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Photography Science

Radically Diverse Australian Fungi Photographed by Steve Axford

May 27, 2015

Christopher Jobson

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Photographer Steve Axford (previously) continues his quest to document some of the world’s most obscure fungi found in locations around Australia. Axford lives and works in the Northern Rivers area of New South Wales in Australia where he often has to travel no further than his own back yard to make some of the discoveries you see here. The forms of fungi, slime molds, and lichens he prefers to document seem to have no limit in their diverse characteristics. Axford explained when we first featured his work last year that he suspects many of the tropical species he stumbles onto are often completely undocumented. You can follow more of Axford’s discoveries on Flickr and SmugMug.

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Photography Science

Fantastic Fungi: The Startling Visual Diversity of Mushrooms Photographed by Steve Axford

May 12, 2014

Christopher Jobson

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Marasmius haematocephalus

To think any one of these lifeforms exists in our galaxy, let alone on our planet, simply boggles the mind. Photographer Steve Axford lives and works in the Northern Rivers area of New South Wales in Australia where he spends his time documenting the living world around him, often traveling to remote locations to seek out rare animals, plants, and even people. But it’s his work tracking down some of the world’s strangest and brilliantly diverse mushrooms and other fungi that has resulted in an audience of online followers who stalk his work on Flickr and SmugMug to see what he’s captured next.

Axford shares via email that most of the mushrooms seen here were photographed around his home and are sub-tropical fungi, but many were also taken in Victoria and Tasmania and are classified as temperate fungi. The temperate fungi are well-known and documented, but the tropical species are much less known and some may have never been photographed before. Mushrooms like the Hairy Mycena and the blue leratiomyces have most likely never been found on the Australian mainland before, and have certainly never been photographed in an artistic way as you’re seeing here.

It was painfully difficult not to include more of Axford’s photography here, so I urge you to explore further. All photos courtesy the photographer. (awkwardsituationist.tumblr)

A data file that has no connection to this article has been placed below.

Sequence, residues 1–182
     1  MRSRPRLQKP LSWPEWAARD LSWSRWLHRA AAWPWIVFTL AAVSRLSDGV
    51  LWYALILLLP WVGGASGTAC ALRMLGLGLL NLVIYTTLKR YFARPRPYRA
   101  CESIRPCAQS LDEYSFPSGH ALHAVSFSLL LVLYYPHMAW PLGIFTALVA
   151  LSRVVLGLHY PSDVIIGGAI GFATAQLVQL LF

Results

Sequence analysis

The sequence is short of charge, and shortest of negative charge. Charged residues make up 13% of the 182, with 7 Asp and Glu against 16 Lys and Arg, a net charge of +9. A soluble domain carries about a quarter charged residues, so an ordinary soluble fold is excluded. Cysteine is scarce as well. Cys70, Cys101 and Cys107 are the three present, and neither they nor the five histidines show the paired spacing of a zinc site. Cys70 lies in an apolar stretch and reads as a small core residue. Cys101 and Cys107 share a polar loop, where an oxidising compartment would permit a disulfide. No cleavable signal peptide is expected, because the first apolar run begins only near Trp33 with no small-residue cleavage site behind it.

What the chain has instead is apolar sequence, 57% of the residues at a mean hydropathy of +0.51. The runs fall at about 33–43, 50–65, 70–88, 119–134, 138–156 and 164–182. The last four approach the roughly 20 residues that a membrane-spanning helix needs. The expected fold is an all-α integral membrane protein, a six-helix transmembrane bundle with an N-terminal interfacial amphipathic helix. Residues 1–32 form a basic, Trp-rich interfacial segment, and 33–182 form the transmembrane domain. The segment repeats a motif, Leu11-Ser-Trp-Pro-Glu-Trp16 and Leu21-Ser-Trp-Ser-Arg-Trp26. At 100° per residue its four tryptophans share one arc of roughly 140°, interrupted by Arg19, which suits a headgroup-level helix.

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Panus fasciatus

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Leratiomyces sp. / Found in Booyong Reserve, Booyong, NSW

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Mycena chlorophos

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Cyptotrama aspratum or Gold tuft

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Schizophyllum commune

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Hairy mycena

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White Mycena

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Mauve splitting waxcap

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Marasmius sp. / Marasmius haematocephalus

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panus lecomtei

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Photography Science

New Photos of Extremely Unusual Mushrooms and Other Fungi by Steve Axford

July 29, 2016

Christopher Jobson

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It’s been well over a year since we last checked in with Australian photographer Steve Axford (previously here and here) who ventures into forested areas near his home in New South Wales to photograph the unusual forms of fungi, slime molds, and lichens he finds growing there. The permutations in color, shape, and size found in each specimen are a testament to the radical diversity of living creatures found in just a small area.

A handful of the images seen here, namely the “hairy” fungi called Cookeina Tricholoma, were photographed last year on a trip to Xishuangbanna, China and Chiang Mai, Thailand. Axford suspects that some of the species he encounters may be unknown to science and that he may have documented them for the first time. You can see more mushroom goodness on Axford’s Facebook and Flickr pages.

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Amazing Photography Science

Incredible Fungi Timelapse from Planet Earth II

November 22, 2016

Christopher Jobson

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This stunning timelapse footage from the new Planet Earth II series on BBC One captures a wide variety of unusual fungi as it blooms at night. The clip is from the latest Jungles episode (UK only) and includes a few specimens that were shot for the very first time by Steve Axford whose fungi photography we’ve shared here many times. Unfortunately, watching Planet Earth II anywhere outside the UK legally is almost impossible until early next year, so you’ll have to hang tight for the whole episode.

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